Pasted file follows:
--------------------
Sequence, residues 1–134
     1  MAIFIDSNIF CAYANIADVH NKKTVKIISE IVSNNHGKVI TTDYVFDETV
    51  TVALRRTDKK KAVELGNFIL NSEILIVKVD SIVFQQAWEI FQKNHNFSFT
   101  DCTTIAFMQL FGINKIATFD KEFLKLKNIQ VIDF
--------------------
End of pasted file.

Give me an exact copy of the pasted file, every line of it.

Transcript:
Sequence, residues 1–134
     1  MAIFIDSNIF CAYANIADVH NKKTVKIISE IVSNNHGKVI TTDYVFDETV
    51  TVALRRTDKK KAVELGNFIL NSEILIVKVD SIVFQQAWEI FQKNHNFSFT
   101  DCTTIAFMQL FGINKIATFD KEFLKLKNIQ VIDF